Buzz Aldrin on the moon Courtesy The Museum of Flight
“The Eagle has landed.”
I am not old enough to remember the thrill of the historic 1969 Apollo mission that sent the first human beings to land on the moon. But thanks to a fascinating and inspiring exhibition currently on view at Seattle’s Museum of Flight, I was able to experience the excitement and the wonder, and to better understand the great leaps in science and human ingenuity that characterized the Apollo 11 mission and the global space race of the time.
The centerpiece of “Destination Moon” is the actual Columbia command module that carried astronauts Neil Armstrong, Buzz Aldrin and Michael Collins to lunar orbit and back in July of 1969. Command Module Columbia is the only part of the Apollo 11 spacecraft that returned intact to Earth. It carried the crew, equipment and precious lunar samples through a fiery reentry into the Earth’s atmosphere. A fact that I probably learned in school, but had since forgotten, was that Collins remained in Columbia, alone, orbiting the moon, while Armstrong and Aldrin landed on the moon’s surface in the lunar module Eagle and took the famous first steps. The exhibit references Collins being “the loneliest man” because each time the command module passed behind the moon, he was completely cut off from all radio, aka human, communication. It’s details like this that make this exhibition so compelling as a story of human imagination and courage, not to mention selflessness.
The Apollo 11 command module Courtesy The Museum of Flight
Smaller artifacts also tell the stories of the individuals involved. I especially enjoyed reading about Neil Armstrong’s imperfectly fitting flightsuit which became one of his favorite coveralls to wear while working on his Ohio farm after retiring from NASA. I grew up in a farming community too, but I don’t think anyone was wearing an actual spacesuit to milk the cows.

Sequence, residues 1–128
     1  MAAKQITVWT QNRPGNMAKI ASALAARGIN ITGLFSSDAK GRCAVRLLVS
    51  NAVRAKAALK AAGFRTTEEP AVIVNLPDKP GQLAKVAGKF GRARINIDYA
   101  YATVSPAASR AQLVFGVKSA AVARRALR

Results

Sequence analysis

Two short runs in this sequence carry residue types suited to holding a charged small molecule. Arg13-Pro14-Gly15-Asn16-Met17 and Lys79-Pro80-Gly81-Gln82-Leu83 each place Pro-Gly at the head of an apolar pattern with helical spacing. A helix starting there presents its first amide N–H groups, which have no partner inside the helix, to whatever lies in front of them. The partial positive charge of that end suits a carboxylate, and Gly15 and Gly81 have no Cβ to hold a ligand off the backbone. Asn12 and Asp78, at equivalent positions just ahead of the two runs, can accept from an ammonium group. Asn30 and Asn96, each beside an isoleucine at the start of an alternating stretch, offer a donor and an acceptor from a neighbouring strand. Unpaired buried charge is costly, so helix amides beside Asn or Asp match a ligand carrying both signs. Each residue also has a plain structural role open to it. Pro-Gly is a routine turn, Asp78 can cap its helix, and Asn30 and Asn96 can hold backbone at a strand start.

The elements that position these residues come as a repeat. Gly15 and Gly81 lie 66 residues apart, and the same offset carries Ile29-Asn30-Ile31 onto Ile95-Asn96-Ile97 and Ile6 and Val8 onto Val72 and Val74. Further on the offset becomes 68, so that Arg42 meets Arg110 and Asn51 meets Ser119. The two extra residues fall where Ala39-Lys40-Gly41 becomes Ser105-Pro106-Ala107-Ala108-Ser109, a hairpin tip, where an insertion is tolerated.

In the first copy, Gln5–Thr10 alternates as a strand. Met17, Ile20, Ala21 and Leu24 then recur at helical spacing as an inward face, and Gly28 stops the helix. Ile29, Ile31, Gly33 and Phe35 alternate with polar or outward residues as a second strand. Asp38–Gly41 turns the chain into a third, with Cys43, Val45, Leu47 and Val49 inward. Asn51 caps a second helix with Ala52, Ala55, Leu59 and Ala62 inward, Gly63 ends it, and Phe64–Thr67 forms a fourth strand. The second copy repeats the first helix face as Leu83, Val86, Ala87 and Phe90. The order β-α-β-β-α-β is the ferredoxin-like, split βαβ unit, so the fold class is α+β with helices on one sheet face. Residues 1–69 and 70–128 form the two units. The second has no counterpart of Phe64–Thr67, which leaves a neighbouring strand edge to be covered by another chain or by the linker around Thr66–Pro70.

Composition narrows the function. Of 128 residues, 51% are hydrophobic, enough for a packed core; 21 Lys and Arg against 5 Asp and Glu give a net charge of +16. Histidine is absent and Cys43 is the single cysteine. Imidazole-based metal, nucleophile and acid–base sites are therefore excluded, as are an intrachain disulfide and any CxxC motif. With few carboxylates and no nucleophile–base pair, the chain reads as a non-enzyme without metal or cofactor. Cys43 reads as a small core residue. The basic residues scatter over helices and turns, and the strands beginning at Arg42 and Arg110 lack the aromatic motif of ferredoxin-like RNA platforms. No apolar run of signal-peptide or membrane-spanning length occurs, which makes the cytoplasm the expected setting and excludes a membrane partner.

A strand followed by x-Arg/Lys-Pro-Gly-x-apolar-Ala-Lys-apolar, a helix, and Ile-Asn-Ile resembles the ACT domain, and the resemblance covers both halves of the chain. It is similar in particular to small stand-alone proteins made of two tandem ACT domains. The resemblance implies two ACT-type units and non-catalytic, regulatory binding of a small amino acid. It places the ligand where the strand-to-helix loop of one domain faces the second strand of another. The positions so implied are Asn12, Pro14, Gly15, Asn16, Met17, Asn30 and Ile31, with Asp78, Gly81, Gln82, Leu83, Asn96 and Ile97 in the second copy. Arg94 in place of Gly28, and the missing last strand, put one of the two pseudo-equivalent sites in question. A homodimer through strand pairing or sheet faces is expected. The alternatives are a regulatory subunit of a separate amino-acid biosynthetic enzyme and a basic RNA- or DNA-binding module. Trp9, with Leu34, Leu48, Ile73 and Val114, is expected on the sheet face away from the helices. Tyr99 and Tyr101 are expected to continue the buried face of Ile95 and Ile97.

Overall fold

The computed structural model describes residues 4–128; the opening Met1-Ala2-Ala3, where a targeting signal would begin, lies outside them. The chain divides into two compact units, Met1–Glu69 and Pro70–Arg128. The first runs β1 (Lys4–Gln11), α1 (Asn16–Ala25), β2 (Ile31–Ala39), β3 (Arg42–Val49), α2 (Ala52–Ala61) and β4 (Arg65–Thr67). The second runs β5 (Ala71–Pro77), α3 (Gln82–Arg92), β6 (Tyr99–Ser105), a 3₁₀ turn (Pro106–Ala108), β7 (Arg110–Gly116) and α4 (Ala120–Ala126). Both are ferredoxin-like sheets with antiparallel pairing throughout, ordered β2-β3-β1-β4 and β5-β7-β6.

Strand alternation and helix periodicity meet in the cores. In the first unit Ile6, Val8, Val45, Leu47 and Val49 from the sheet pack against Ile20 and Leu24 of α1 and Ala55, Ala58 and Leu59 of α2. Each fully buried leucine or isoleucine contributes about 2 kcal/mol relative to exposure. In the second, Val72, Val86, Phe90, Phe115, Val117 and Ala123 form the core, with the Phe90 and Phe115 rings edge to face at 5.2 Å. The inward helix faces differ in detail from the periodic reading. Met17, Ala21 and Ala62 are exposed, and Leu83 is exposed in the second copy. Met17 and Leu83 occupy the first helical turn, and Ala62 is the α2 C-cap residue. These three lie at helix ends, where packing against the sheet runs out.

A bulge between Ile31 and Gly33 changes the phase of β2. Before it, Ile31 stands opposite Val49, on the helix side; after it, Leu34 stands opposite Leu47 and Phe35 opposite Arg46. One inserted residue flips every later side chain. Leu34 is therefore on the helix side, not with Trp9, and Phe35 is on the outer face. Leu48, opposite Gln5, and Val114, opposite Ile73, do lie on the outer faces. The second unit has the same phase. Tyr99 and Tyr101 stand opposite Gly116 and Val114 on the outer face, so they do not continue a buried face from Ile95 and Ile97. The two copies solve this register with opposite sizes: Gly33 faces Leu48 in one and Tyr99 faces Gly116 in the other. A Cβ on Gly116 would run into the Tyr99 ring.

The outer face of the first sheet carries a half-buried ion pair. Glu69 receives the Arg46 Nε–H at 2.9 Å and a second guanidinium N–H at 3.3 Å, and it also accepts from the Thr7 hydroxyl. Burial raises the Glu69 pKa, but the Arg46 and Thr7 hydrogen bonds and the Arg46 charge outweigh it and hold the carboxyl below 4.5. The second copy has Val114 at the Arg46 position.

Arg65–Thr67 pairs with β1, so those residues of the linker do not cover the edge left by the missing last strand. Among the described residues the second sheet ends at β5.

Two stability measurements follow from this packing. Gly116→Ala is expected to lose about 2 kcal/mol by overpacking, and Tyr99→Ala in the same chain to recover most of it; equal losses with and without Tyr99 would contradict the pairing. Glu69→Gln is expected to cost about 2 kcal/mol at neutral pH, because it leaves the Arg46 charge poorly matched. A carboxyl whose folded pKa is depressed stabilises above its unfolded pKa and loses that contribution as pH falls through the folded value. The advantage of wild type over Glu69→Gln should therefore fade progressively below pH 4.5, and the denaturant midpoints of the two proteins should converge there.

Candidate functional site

Seattle is extremely lucky to have this exhibition on view during the mission’s 50th anniversary in July 2019, made even more poignant by the numerous Northwest ties to the historic space program. The touring artifacts in the exhibition are enhanced by objects from the Museum of Flight’s own impressive and expansive collection, including full-scale engineering mockups of Boeing’s lunar rover. Also on view are components from the actual F-1 rocket engines that powered the Saturn V moon rockets off the pad, which were only recently recovered from 2½ miles deep at the bottom of the Atlantic ocean, where they sat for over 40 years.
A view of one of the galleries in Destination Moon: The Apollo 11 Mission at The Museum of Flight. On the left is a spacesuit used by astronaut John Young during Apollo 10 training, in the center is a F-1 rocket engine — five were used to power each Saturn V booster. Courtesy The Museum of Flight
The exhibition is now on view through September 2, and the Museum has some extra fun planned this summer. The Lunar Block Party, held over anniversary weekend (July 19-21), offers a three-day celebration with special events, talks, family fun and a concert from all ten of this year’s American Idol finalists, including winner Laine Hardy. The Seattle Summer of Space campaign extends the theme to many other Seattle shops and attractions, offering discounts and special commemorative items (Seattle Chocolate Company’s Moon Rocks Truffle Bars, anyone?).
This is an exhibition not to be missed. It will no doubt spark memories in many, and also inspire our dreamers of the future. One tip: get your timed tickets in advance, and allow enough extra time to see at least some of the permanent collections too. As the largest independent, non-profit air and space museum in the world, it’s always a top Seattle attraction and well worth a visit even without this very special exhibition.